How to spend your tax refund
Use your tax return to build financial stability — and treat yourself, too
If you’re getting a tax refund this year and are fortunate enough to have your essentials covered, you might be contemplating all the ways you could spend that money. Treating yourself to something fun is one way to spend your tax refund, but you might also want to consider using your refund to get ahead financially.
Here are four ways to use your tax refund as a tool for investing in your future.
1. Pay off high-interest debt
Credit cards often carry high interest rates. With a lot of interest compounding against you each month, it can be difficult to make your credit card payments and still put money away for retirement or an emergency fund.
Consider using your tax refund to wipe out your high-interest debt — then avoid building up more debt than you can pay off in full each month. If your refund isn’t enough to fully eliminate your balance, consider using it as a way to kick-start a debt-payoff plan.
2. Contribute to an emergency fund
Financial professionals recommend saving for an emergency fund that can cover about three to six months of expenses. An emergency fund helps protect you from financial hardship in the face of unexpected expenses, like a large medical bill or a job loss.
Your tax refund may not be enough to fully fund an emergency savings account, but you can still use it as a jumping-off point. Even just a few hundred dollars to start can give you some peace of mind knowing you have the ability to cover financial hiccups, like car repairs or a temporary reduction in work hours.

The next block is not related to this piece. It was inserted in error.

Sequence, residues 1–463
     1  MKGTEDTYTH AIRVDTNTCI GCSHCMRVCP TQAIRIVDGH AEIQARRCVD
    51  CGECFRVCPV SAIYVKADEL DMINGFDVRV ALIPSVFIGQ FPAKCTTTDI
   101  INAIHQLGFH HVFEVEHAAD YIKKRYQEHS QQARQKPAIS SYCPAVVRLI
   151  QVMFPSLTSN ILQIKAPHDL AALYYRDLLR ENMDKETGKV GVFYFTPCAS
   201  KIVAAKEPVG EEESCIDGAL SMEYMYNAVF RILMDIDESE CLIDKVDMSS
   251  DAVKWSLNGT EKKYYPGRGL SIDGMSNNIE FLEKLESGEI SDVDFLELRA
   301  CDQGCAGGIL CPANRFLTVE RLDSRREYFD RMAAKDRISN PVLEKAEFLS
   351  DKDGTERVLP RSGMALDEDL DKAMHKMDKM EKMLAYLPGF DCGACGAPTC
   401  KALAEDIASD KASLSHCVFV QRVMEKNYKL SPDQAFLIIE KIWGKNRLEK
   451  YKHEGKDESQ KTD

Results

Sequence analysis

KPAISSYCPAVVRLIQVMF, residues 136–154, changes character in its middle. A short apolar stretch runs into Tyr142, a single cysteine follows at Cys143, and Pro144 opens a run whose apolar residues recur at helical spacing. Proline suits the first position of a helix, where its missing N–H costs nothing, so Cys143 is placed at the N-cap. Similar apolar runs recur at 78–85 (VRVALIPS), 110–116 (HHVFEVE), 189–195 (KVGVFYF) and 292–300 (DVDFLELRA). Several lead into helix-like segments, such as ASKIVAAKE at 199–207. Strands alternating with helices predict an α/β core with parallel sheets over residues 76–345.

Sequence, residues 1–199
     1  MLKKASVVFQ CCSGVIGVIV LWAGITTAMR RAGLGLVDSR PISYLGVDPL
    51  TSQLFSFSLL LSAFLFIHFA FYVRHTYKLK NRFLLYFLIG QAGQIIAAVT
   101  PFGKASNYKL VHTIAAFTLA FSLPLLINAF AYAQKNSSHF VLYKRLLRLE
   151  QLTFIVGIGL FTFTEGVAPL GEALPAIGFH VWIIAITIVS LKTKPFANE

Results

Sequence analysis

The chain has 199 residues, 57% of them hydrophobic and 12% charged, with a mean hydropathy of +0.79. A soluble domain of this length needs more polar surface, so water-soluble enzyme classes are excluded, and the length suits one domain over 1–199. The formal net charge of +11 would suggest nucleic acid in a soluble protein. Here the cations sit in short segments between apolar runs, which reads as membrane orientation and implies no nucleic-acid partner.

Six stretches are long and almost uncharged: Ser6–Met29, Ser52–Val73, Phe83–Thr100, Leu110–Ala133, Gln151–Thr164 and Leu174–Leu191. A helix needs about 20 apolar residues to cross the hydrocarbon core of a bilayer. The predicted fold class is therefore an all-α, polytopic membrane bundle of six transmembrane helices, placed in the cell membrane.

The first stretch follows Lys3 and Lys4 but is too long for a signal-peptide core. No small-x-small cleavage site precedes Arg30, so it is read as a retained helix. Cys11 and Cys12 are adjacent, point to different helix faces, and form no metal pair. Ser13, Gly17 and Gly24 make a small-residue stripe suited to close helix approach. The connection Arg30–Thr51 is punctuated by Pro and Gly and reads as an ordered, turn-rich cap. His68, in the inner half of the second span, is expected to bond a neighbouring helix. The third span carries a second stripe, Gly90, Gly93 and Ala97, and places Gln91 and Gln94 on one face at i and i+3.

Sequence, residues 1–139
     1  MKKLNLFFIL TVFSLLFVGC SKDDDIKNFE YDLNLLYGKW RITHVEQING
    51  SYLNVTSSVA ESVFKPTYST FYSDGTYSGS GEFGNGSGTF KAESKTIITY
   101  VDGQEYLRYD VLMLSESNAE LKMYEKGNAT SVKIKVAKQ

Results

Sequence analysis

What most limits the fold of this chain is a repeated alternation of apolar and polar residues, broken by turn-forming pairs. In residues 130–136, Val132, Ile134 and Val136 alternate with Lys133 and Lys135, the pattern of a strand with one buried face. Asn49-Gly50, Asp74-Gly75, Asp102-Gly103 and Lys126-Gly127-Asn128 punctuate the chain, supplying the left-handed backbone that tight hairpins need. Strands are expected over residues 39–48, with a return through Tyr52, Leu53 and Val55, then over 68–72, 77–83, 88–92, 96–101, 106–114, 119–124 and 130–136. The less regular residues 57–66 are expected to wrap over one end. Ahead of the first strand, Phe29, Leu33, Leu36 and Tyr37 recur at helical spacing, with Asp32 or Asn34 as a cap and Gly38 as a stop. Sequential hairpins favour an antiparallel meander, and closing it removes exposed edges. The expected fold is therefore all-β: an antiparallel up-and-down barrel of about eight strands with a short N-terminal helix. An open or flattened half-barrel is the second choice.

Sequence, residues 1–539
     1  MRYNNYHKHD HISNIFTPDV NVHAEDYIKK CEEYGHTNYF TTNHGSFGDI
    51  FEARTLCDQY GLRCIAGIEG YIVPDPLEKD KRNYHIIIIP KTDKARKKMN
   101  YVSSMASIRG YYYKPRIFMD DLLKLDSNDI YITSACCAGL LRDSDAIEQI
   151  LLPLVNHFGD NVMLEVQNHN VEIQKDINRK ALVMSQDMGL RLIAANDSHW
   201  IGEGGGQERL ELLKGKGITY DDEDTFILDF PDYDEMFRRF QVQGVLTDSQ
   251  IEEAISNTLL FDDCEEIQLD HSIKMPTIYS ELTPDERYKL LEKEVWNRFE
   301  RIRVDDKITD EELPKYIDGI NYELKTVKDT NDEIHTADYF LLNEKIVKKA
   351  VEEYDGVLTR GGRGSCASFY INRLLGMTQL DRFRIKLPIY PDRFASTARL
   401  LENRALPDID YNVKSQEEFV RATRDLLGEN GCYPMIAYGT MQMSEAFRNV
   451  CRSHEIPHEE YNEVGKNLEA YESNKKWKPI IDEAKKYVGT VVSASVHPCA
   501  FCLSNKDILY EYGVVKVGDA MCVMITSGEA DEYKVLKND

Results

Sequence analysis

3. Save for retirement
Putting your tax refund in a retirement savings account can pay off in the long run as your savings benefit from potential market growth. In addition, any investment returns you earn will produce earnings of their own — a phenomenon known as compounding that can have a major impact on your long-term savings. While you can’t contribute your refund directly to a 401(k), you can use the cash to pay for regular expenses and bump up your 401(k) contributions through work. Or you can contribute to an IRA. (In 2021, you can contribute up to $6,000 to an IRA; $7,000 if you’re 50 or older.)
4. Treat yourself
Paying down high-interest debt, building an emergency fund and saving for retirement are all ways you can use your tax refund to build financial stability, but you don’t necessarily need to use your entire return for these goals. You can set aside a little to reward yourself, too. Treat yourself to something you wouldn’t normally buy or spend some of your refund on home improvements that will brighten your day.
Keep in mind that getting a refund means you’re giving the government an interest-free loan. Talk to your employer about adjusting your withholding if you’d prefer to get that money in your pocket each pay period rather than as a lump sum when you file your taxes.
Continue laying the groundwork for your financial future with an Empower Investment Account
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